Just Taxi

Just Taxi
I’m having quite the opposite experience in Mumbai to my beloved.

He’s here working long dusty hours on a film and I’m here sightseeing and having a lovely time.

There’s a strike on that’s making his life a misery – all the small retail shops are shut because owners don’t want a new tax that’s coming in so the Ginger can’t buy any of the things he needs for his sets.

But for me it means the streets are empty so it’s easier to get where I am going. I’m being helped in this endeavour by Pinto, the taxi driver.

Pinto saw me trailing my beloved and another friend on their one day off through the streets of Colaba last weekend as I tried to find a tailor that had been recommended. 

My beloved and the other friend were over it but as they were cribbing on my shopping mission I didn’t care. Despite the heat and dust and noise and general chaos I was determined that the winter trousers I had brought from New Zealand would be copied.

A taxi driver appeared at my shoulder and asked if we wanted a ride, but I shrugged him off and said I was looking for “Michele Boutique” which was in my guide book.

The taxi driver said all the boutiques were in the next street over so I should look there. I did and we found it, plus, when we came out with all missions accomplished, there was the taxi driver waiting outside Michele Boutique with his lovely a/c cab glowing like an icy beacon on the heat.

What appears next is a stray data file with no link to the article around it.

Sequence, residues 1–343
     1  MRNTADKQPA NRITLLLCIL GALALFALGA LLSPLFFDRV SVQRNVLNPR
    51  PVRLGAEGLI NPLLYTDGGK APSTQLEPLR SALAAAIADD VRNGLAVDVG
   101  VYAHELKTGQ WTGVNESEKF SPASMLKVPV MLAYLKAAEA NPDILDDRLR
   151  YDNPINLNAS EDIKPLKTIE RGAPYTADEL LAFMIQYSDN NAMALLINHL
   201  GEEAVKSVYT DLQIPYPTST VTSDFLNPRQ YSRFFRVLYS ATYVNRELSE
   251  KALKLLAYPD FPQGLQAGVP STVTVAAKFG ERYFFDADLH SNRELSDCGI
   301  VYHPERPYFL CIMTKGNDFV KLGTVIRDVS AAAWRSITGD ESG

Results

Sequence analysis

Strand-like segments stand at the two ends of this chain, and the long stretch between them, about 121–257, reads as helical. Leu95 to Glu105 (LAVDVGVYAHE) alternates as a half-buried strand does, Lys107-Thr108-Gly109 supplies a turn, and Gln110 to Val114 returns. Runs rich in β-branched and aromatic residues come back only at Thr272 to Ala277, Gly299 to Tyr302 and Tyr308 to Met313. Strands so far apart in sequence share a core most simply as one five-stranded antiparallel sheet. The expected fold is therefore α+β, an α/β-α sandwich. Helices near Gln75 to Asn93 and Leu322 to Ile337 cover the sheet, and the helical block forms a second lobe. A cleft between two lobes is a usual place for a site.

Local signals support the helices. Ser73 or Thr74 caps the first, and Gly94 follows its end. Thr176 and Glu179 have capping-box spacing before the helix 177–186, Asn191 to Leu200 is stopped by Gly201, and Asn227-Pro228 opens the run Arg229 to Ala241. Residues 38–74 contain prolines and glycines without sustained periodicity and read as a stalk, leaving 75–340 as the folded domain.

Pinto is his name. 

I’ve had three outings with him since: the first time we went to the Gandhi House in South Bombay, which is a house where the Father of the Nation used to live in a lovely leafy part of the city, with a slightly insane but deeply fabulous series of mini tableaux depicting Gandhi’s life. 

It’s sort of Barbie-Gandhi in glass cases about the size of an old Philips K9 television.

It starts with Gandhi’s mother letting him leave India for England only if he vows to avoid wine, women and meat then traces him to South Africa where he is the victim of racism, back to India where he becomes the man of the people and on to the many battles he fought on behalf of the many downtrodden. 

My favourite was the one where Gandhi meets the King and Queen in Buckingham Palace. Gandhi’s outfit beats hers, big time.